By Tom Jow – When you work in bike shops as long as I have, you get to see a lot of broken parts. I mean hey, everything breaks. Sometimes the damage is caused by neglect. Often times it is just plain old abuse (“I was just riding along”, he said). Once in awhile, it is a legitimate defect. In the case of a defect, the manufacturer is expected to replace the defective component. Have you ever read a warranty policy? The bottom line is the manufacturer wants to inspect anything they think they may cover. In the old days (before smartphones and email), telephone calls were exchanged, usually followed by sending products to the manufacturer for inspection. More phone calls were exchanged. It could take forever. Despite the ease of evaluation afforded to us by electronic communication, these procedures must be followed. Any missing information can lead to a delay in the approval or denial of a claim. What is the best way to navigate a warranty claim?
Where to Begin
Read the warranty policy. The first thing to understand about warranties is that most have some sort of time limitation. This should not be unreasonable. If something is truly defective, a problem should arise within a short time after putting it into service. Typically components have 1-2 years, frames 1-5 years. The days of the lifetime warranty are pretty much over. Refer to the manufacturer’s documentation for exact details.
If your case falls within the warranty period, contact the retailer where the part/frame/bike/clothing item was purchased. They will be your liaison with the manufacturer. Defect or not, it’s pretty important to be nice to these guys. On the other hand, some manufacturers will work with the customer directly. This makes filing the actual claim easier, however, it does not necessarily increase your chances for a successful warranty claim.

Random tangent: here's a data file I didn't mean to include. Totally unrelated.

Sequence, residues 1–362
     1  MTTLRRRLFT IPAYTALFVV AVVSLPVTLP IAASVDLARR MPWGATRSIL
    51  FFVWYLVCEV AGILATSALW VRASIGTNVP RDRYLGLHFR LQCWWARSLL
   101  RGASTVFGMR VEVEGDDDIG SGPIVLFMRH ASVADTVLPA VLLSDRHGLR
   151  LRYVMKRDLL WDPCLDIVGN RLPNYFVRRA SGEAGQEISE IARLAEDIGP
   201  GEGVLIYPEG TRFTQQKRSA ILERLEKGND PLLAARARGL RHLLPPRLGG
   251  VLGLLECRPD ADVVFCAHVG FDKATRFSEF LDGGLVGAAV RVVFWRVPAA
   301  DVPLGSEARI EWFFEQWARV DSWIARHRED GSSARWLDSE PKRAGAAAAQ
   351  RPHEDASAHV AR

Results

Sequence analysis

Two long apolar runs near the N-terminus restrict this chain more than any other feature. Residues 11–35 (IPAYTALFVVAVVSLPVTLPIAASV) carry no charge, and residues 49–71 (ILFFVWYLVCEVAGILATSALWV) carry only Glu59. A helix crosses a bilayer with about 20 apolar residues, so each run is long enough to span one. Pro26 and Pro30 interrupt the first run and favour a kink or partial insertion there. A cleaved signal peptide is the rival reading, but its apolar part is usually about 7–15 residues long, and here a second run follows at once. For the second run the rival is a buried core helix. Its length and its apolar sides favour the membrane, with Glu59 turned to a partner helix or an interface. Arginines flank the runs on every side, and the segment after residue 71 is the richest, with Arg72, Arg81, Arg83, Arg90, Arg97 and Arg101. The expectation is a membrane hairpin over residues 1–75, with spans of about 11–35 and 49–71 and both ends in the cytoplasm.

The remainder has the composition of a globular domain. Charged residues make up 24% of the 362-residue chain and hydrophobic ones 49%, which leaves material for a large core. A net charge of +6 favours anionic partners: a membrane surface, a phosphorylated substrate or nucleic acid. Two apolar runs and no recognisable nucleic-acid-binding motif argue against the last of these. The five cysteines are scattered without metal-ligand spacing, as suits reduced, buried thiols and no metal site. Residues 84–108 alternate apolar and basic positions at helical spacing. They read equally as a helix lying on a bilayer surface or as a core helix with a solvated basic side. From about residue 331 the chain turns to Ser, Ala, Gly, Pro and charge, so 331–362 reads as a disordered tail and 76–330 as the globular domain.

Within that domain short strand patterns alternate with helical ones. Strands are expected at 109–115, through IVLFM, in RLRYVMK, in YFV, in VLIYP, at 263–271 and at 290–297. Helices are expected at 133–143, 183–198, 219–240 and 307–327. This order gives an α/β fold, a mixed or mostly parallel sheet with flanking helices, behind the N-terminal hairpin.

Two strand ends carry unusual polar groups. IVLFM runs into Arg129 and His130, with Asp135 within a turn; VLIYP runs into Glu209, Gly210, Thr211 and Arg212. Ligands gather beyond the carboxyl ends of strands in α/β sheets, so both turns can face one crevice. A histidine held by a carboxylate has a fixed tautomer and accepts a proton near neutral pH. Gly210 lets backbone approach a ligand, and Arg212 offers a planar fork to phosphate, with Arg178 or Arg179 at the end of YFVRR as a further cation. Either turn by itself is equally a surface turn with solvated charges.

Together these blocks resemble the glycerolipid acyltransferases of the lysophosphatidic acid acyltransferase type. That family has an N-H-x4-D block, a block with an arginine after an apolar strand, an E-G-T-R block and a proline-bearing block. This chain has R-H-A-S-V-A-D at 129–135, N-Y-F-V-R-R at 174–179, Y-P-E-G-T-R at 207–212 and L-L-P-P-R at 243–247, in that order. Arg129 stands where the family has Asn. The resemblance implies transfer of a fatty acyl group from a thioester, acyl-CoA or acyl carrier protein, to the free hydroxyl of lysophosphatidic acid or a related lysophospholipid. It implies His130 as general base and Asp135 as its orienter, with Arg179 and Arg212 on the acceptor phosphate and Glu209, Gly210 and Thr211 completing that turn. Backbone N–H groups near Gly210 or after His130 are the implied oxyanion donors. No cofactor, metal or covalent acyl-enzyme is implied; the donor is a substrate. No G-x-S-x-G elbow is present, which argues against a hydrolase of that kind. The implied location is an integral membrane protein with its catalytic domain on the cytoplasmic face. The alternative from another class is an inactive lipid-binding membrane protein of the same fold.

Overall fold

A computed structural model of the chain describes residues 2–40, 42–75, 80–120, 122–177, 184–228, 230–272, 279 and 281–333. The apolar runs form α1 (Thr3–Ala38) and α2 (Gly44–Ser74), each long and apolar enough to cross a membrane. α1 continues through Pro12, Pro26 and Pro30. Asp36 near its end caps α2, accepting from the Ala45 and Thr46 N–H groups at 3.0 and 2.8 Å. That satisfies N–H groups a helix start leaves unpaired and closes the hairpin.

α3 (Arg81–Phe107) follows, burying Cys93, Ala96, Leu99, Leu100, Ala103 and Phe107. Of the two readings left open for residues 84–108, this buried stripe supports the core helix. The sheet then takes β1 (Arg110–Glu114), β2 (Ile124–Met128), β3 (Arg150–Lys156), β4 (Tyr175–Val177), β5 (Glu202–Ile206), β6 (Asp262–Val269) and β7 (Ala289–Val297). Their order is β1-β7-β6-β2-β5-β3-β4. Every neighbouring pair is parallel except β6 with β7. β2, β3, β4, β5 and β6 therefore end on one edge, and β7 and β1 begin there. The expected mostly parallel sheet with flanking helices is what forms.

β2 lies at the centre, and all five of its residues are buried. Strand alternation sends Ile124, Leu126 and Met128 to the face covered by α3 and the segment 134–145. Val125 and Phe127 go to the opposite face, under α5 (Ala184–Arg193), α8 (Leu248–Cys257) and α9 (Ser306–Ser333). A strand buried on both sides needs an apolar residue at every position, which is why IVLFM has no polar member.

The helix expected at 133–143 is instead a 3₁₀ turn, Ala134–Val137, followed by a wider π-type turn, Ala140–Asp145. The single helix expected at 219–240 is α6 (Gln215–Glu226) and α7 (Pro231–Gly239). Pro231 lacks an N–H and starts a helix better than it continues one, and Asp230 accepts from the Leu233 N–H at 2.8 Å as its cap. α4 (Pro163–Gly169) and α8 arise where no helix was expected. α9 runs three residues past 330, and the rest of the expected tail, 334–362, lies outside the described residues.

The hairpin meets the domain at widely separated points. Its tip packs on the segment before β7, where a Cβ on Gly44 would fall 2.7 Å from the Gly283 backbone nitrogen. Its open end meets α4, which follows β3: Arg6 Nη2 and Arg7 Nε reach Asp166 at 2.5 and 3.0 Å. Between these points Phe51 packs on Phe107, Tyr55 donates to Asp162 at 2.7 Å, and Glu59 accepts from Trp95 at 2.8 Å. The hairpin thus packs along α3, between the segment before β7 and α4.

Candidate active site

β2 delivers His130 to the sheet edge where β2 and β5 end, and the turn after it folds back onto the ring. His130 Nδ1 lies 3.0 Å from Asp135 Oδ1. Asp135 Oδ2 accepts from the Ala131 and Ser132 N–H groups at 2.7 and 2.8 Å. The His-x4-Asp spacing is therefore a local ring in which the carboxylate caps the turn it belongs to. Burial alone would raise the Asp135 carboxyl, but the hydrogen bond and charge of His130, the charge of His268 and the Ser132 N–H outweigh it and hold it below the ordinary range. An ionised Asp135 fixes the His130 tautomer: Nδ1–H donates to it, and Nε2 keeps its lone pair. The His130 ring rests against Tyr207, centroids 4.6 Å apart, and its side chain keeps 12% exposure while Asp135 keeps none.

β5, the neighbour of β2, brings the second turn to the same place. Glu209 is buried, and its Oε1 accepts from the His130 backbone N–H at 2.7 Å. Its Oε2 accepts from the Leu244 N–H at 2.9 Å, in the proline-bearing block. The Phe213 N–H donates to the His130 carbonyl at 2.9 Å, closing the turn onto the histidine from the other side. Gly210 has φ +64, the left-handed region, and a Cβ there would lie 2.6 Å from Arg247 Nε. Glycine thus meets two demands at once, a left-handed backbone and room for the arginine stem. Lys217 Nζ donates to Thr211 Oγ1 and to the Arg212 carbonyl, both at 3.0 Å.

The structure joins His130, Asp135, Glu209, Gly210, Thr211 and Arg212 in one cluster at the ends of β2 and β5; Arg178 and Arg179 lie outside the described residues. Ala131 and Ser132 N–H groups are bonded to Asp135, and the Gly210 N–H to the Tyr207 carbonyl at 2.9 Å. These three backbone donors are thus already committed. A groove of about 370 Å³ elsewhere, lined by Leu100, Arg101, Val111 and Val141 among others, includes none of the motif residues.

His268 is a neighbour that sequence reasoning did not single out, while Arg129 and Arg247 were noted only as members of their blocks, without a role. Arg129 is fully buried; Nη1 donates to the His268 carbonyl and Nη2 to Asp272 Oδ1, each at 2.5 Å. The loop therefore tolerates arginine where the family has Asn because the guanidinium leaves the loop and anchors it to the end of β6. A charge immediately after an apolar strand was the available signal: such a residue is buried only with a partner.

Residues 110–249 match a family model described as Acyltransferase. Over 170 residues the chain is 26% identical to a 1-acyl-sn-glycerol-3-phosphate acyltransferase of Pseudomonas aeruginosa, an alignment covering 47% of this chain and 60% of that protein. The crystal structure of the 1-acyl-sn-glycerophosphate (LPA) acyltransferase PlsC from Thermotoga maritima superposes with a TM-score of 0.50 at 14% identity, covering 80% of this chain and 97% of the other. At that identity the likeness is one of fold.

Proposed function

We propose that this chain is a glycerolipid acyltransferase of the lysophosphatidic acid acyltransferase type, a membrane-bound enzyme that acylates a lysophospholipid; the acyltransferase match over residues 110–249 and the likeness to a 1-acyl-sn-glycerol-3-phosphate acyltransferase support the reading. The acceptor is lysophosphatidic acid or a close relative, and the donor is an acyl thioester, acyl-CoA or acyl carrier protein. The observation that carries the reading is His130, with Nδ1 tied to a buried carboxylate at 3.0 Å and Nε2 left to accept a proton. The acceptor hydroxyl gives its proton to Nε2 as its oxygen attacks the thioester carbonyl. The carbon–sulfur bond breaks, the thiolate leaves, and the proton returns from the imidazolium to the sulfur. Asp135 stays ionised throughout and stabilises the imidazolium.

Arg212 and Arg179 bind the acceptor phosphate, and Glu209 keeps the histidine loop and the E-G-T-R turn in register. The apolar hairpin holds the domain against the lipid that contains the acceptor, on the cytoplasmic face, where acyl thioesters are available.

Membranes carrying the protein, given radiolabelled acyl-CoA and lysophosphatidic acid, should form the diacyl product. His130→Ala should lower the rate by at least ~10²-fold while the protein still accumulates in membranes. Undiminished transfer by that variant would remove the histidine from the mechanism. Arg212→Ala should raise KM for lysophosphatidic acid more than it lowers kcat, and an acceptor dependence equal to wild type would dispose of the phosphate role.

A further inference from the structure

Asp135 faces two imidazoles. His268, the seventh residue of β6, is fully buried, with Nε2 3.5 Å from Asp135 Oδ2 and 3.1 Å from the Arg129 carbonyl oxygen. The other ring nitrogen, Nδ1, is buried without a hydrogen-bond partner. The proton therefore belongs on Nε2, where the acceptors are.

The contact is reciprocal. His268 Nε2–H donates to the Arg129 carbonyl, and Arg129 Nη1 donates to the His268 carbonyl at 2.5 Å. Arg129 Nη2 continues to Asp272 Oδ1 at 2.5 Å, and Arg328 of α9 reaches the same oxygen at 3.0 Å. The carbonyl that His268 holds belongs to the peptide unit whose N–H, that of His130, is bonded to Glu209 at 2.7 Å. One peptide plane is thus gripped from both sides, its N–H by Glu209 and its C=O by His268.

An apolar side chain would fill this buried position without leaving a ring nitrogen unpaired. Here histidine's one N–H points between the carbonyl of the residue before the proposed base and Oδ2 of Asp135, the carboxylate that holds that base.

The most important piece of information to your warranty case is the proof of purchase. This verifies when the item was purchased and that you are the original owner. Few, if any, warranties will benefit someone other than the original owner. Depending on the component, a request for service records may be made. For example, if a component breaks at month 11 of a 12 month warranty but it never received the recommended once a month service the manufacturer may deny the claim. Under paperwork, I will also include in any information regarding diagnoses by the rider and reputable bike shops under consultation. Finally, include pictures. Images (clear and in focus) normally required include the defect and the serial number. Be sure to construct any other images requested.
What to Expect
“There is no free lunch”. Contrary to popular belief, warranties are not free. Costs incurred by the user include shipping to the manufacturer, as well as any labor costs for disassembly and reassembly (of a bicycle, for example). In addition, most companies reserve the right to repair or replace. In the unfortunate event that the claim is not covered under warranty, a price quote will be made for repair or replacement. Sometimes a discount will be offered under the term “crash replacement”. Finally, these things take time. Factors determining how long a claim takes to resolve is related to the clarity of the paperwork, the size of the company, the location of the company, the severity of the defect, and your attitude.
Be Humble, Be Patient
As much as you, the consumer, is unhappy about a broken thing-a-ma-jig, neither the retailer nor the manufacturer want you to be without your equipment either. Everyone wants to be on your side. Keep in mind that most of agents in these warranty departments have a ton of experience. They have seen (and heard) almost everything. So in order to expedite your claim, be honest and be patient.
So yeah, everything breaks. If it happens prematurely it may be covered under warranty. Be prepared by keeping your receipt and serial number. Any records of time in service and maintenance are also handy. Keep in mind that having a potential warranty claim does not entitle you to be a pain in the you-know-what. Everyone involved will appreciate honesty and patience. A couple things to remember: “Sugar (or beer) goes a lot further than salt”, and “I was just riding along” is not a legitimate cause of breakage.
Got a bike question? Email Tom at [email protected]